DAY 5 – NOVEMBER 24TH: We got up early and had breakfast and then a quick tour of the base and larger palace.  The soldiers had expected us to arrive early the day before and were going to let us play in the Stryker Tanks.  We really regretted missing that.  Our blackhawks arrived and this time I was prepared.  I had on my regular clothes but I was able to put my new Desert Camo flight suit – compliments of Steve – on over my clothes.   Really glad the flight suit was too big for me because it fit perfectly over my clothes and I would have FROZEN again otherwise.  It was an hour flight from Camp Courage to Camp Speicher.  But, I was “comfortable” in the flight suit.  The wind was pretty bad though.  We are so far North, that there wasn’t much to look at on the ground.  Mostly desert and occasionally a house.  There weren’t even any power lines to jump once we left Courage until we were almost at Speicher.  I was at Speicher in December 2003 and they had NOTHING….not even a DFAC.  Now we are all staying in a nice “house” with bunk beds and flushing toilets…a real luxury.   They got my computer hooked up to the internet but AOL is firewalled and we haven’t been able to get around it. So many people came up to me after last night’s show and mentioned that they had not had ANY entertainment at their FOB since this past May when a country artist came over.  Then they commented that the last artist should have just stayed at home.   Evidently the person didn’t sing but 15 minutes and refused to sign autographs.  It did not make a good impression on our U.S. Military.  You will never see me bring a celebrity over who doesn’t have the passion in his/her heart for our military.   The people I bring love signing autographs, talking to the troops, and boosting their morale by singing.  After we got into to billeting – which is a really nice “house” with bunk beds and showers and FLUSHING toilets – we went to the flight line to look at the Apache helicopters.  Aaron would have preferred to fly one instead of inspect it!  From there we went to the hospital to visit the wounded.   Only 3 of our guys in there and a couple of Iraqis.  We also went into the Emergency Unit where a female soldier had just fallen down out at a building at the airfield.  She was conscious but her face was all bloody and it looked like both of her arms were broken.  She was a huge Aaron Tippin fan so he went over and talked to her and signed a photo for her.  She was so embarrassed to have him see her like that but thrilled to meet him.  We went by the Operations Center and then on to another Unit to see a Memorial that they made for all their fallen heroes.   Last night after the show, a Chaplain came up to me and said that if everyone seemed a little “subdued”, it was because they had lost 2 of their soldiers a couple of days ago.  He started crying as he was talking to me and it was really, really hard to handle.  I keep jumping around in this report because I keep remembering special moments. The DFAC was beautifully decorated for Thanksgiving…except for the HUGE pig’s head with cherries stuck in the eye sockets right in front of the chow line!  They had also made a big alligator out of pineapples.  We spread out and sat with as many soldiers as possible.  One soldier commented that he felt guilty that they had so many nice decorations when there were probably school kids who didn’t have anything.  So typical of all the soldiers I meet here. The show took place in a gym and it was packed to capacity.  An Air Force band was performing before us and they were really good.  The crowd really enjoyed Aaron’s show.  You can tell he genuinely cares about the troops.  I gave out 300 photos and could easily have given out another 150 but I just don’t s have them.  Have held back 300 for each of our last 3 shows.  I think I must have talked to more than half the people attending the show and passed out hundreds of Happy Thanksgiving hugs to everyone.  What a wonderful, wonderful Thanksgiving this has been…..except for not being able to get a phone line out to call home or get on email!  J Aaron and I went to midnight chow with our escorts.  The other guys had eaten before the show, so they went to bed after trying unsuccessfully to get a phone call home.  I sat with a soldier who said he missed Aaron’s performance because he spent FIVE hours standing in line to use an AT&T line to call his wife for Thanksgiving.  Guess that’s why we couldn’t get a call out or use the internet and that’s fine.  Our families understand and it’s much more important that these men and women connect with their loved ones.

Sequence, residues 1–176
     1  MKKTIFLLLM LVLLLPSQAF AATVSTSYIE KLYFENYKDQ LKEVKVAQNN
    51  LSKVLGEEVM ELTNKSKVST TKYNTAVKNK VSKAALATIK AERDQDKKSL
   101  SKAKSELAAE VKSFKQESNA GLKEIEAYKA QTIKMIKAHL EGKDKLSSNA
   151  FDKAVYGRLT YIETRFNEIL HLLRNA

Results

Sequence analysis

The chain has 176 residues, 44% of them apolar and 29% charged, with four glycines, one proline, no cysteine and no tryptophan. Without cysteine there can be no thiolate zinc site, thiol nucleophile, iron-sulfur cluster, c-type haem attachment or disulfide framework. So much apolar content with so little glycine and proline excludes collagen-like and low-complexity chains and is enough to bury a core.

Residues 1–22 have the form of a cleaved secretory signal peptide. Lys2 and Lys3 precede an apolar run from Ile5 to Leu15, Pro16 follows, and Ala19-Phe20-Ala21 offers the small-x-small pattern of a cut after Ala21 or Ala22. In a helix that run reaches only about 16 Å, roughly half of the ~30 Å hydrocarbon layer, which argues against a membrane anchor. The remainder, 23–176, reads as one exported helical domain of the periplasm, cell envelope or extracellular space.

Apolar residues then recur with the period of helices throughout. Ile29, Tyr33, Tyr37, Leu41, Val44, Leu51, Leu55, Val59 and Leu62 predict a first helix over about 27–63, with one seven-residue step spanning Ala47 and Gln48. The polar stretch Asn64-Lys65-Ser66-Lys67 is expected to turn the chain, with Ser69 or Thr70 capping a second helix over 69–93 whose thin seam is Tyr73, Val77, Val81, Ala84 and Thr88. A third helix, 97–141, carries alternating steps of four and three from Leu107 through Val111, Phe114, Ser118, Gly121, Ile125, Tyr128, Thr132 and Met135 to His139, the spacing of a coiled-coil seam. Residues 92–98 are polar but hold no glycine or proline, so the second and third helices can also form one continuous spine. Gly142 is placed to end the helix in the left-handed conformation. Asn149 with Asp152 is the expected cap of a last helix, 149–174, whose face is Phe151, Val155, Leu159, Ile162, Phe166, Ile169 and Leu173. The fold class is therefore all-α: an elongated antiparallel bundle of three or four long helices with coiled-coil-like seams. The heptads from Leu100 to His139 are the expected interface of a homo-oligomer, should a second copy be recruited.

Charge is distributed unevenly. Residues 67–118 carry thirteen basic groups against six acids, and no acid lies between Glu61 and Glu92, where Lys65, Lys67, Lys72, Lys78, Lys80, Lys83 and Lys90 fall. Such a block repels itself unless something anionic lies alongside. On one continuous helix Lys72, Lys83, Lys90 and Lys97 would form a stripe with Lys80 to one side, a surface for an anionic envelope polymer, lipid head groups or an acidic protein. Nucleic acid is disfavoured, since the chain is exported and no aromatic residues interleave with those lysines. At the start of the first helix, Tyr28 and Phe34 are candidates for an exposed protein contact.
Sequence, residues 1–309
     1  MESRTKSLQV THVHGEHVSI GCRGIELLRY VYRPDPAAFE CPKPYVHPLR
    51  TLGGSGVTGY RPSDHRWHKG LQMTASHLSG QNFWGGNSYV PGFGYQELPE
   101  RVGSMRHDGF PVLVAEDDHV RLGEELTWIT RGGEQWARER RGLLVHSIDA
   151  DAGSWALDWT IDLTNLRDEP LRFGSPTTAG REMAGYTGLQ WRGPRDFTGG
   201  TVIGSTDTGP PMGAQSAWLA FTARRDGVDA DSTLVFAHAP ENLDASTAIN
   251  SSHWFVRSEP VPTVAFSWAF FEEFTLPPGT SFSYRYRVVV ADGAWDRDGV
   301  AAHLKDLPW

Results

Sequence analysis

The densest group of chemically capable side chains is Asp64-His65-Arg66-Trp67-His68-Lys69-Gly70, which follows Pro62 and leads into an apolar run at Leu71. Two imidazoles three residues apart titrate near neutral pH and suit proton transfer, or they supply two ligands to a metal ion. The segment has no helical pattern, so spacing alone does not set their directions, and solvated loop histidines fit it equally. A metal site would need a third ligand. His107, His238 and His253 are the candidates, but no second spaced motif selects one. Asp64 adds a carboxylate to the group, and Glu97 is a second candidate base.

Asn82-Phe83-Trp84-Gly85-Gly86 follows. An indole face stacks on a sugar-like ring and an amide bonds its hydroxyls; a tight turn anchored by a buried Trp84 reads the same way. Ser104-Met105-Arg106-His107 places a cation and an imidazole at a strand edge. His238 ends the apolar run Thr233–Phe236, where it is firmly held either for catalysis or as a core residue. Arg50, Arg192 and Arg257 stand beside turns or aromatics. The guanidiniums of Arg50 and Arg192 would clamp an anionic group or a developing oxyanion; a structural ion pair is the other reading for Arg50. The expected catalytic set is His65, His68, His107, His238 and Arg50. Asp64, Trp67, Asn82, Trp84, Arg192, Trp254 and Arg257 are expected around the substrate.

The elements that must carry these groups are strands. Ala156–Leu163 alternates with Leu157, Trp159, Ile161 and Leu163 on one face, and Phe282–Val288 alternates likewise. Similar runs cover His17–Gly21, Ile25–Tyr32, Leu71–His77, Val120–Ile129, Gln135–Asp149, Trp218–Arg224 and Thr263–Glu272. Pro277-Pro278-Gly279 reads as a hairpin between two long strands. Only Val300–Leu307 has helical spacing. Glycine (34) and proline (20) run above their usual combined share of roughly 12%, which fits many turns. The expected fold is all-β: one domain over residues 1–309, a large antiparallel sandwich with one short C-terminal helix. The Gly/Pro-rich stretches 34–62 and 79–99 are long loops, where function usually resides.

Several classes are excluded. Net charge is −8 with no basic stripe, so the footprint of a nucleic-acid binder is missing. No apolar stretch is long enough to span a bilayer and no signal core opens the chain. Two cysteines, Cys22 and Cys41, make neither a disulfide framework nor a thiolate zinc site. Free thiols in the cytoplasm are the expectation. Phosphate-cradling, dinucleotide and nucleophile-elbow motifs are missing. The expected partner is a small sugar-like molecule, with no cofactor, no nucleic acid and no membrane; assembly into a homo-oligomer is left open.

DAY 6 – NOVEMBER 25TH: We got up in time to have a quick breakfast at the DFAC and stop by the internet and telephone building so we could try to contact our families.  We were supposed to depart at 10 am but the helicopters were late.  No one was upset because it’s typical.  They are fighting a war here and we are not and should not be the priority.  Choppers finally arrived about an hour late and Aaron’s son-in-law was flying one of them.  It was great to see the two of them reunite.  He’s such a cute young man and of course, being a soldier, so polite.  They were going to let Aaron fire the guns out over the desert at a designated shooting area.  He wanted this on video which meant that Gus needed to sit in the front seat.  I knew that if I sat in the back seat, I’d get sick so I asked if I could fly with the guys in the chopper carrying all the equipment.  They cleared out one seat for me so I could fly with them.  I had my flight suit on over my clothes again because it was still really cold.  Had my “Wolf Pack – Kunsan, Korea” patch on and one of the flight crew said I’d have to change that to fly with them.  He ripped his patch off, pulled mine off, and put his on me.  See….easy way to get more patches!  Hope it works again tomorrow.  J I told the flight crew with Aaron to give them the ride of their life – since I knew I wouldn’t be on the chopper.  They were in the lead, so I watched them drop out of the sky numerous times while I had a really smooth flight.  The gunnar let me move up into the seat with him and gave me the gun.  I didn’t realize it was so HEAVY and totally missed the “tank” which is their target in the desert.  I had one more change and I hit one of the structures NEAR the tank…think I could have hit the tank on the next pass.  We landed at Anaconda in Balad and everything was set up and ready for us.  Dropped by DVQ and left our bags and then headed to the dining hall for lunch with the troops.  I have learned to find some men and women who have FULL plates and sit with them.  Otherwise, I sit down and they finish eating 5 minutes later and have to leave.  Have to say the food at this DFAC was the worst we’ve had the entire trip which is surprising.  Anaconda is a huge base and they have about 5 DFAC’s.  We don’t care but I wish the soldiers had better food.  After lunch we went to visit with some of the Air Force and take some photos with them.  One of my buddies – Marc Krauss who was Chely’s escort in Korea in 2002 and who I have stayed in close contact with – is stationed here.  He met us and we got to talk for a few minutes and he promised to come to the show.  We then went to the hospital and visited with the wounded.  It’s a really large hospital and they told us that if a soldier makes it to them, it’s a really good chance that they will be okay and will be going home.  Aaron got to go into “surgery” and watch them putting a pin in the leg of one of the wounded.  We then went to visit the F-16 pilots which is one of my favorite things to do because I have so many good friends who are F-16 pilots.  I ran several names by the guys and found someone who knew almost everyone I mentioned.  A Brigadier General came by to say hello and thank us while we were in the hangar.   We made a quick stop at the Base Exchange and then back to DVQ to “rest”.  I called and tried to locate the person who is now handling Operation Iraqi Freedom for Gary Sinise so I could give him a report on that project.  Finally located the Major in charge and had a nice chat with him.  He said that this is one of their most successful projects and that there will be a need for school supplies for the children for a very long time.  Said it is impossible to send too many, so folks, go to the website www.operationiraqichildren.org and see how you can help.  He told me that instead of having our U.S. Soldiers distribute the supplies, they have a huge central distribution point so that the supplies can be flown all over Iraq.  They have the local Iraqis distributing the materials so that the children will become accustomed to the fact that those people are now “helping” them instead of someone to fear.  The locals do tell the children that these are gifts from people in the U.S. who care about them.  Love this! I was also looking for Stew Stephenson who was my first escort in Iraq in December, 2003 when I was here with Jolie and Craig Morgan.  He’s stationed at Anaconda and I saw him in April when I was here with Charlie Daniels and knew he was leaving to go back home very soon.  Couldn’t locate him before the show but knew he would eventually find me.  We were scheduled to go over for sound check at 5:45 but at 5:30, the sirens when off which meant we had taken an incoming.  Happens all the time at this particular base.  They call it “mortaritaville”!    We’ve had hits almost every time I’ve visited here but again, they are lousy aims!  We had a visit from a Major General in the Army who is from Mississippi and he had an official with the Iraqi Police Department with him.  They got into a conversation about how things are going here and it was fascinating to hear them communicate.  Finally went over for sound check about an hour late.    The building is an old movie theatre that Saddam had and I’ve had Danni Leigh and Chalee Tennison and Chely Wright perform there previously so I know the “layout”.  We took a hit while Danni and Chalee were performing and they just put on their flak vests and helmets and finished the show.  I ran over to a coffee shop to get a latte but of course, the latte machine was broken!  Came back and was getting things ready for the show and Aaron asked me to do the “thank you” intros on stage.  I HATE to speak in front of people.  It is a little bit easier for me to speak to my soldiers but I still get really nervous and need time to pace and rehearse prior to going out there.  While I was stressing out, Frankie Lumm came in to see me.  He was my escort in Kuwait with Jolie and Craig in 2003.  I knew he was at this base but he had emailed me and told me that he had to drive to Talil and wouldn’t be back in time to see me.  Then Stew finally showed up.  We had a fun “escort” reunion with my three boys.  The time for me to go onstage came much too quickly and when Aaron introduced me, I got a standing ovation.  That certainly didn’t help because I choked up and knew I wouldn’t be able to say anything.  I remembered that someone had told me if I needed to get through a speech and was afraid I was going to be too emotional, that I should start singing a song in my mind.  The only song I could think of was “Old MacDonald Had a Farm”!  Don’t know where that came from!  But it worked.  I got through the speech without making a complete fool of myself.  Then we were presented with a certificate and a plaque.  When I hugged the Brigadier General from the Air Force that I had met previously, everyone started laughing.  I didn’t know what had happened until afterward when some of the guys in the audience told me that he had lifted his leg up behind him when he hugged me.  Gotta’ love those Air Force boys.  Aaron got a standing ovation, as he should.  I love sitting through his shows and watching the audience interact with him.  He did a little VIP meet and greet after the show and then signed autographs for over 300 of the men and women in the audience.  After the show, my 3 escorts went with us to midnight chow and then I came back and FINALLY got on the internet – first time since we had left Speicher.  Bed by 2 am and up at 6 am….normal routine.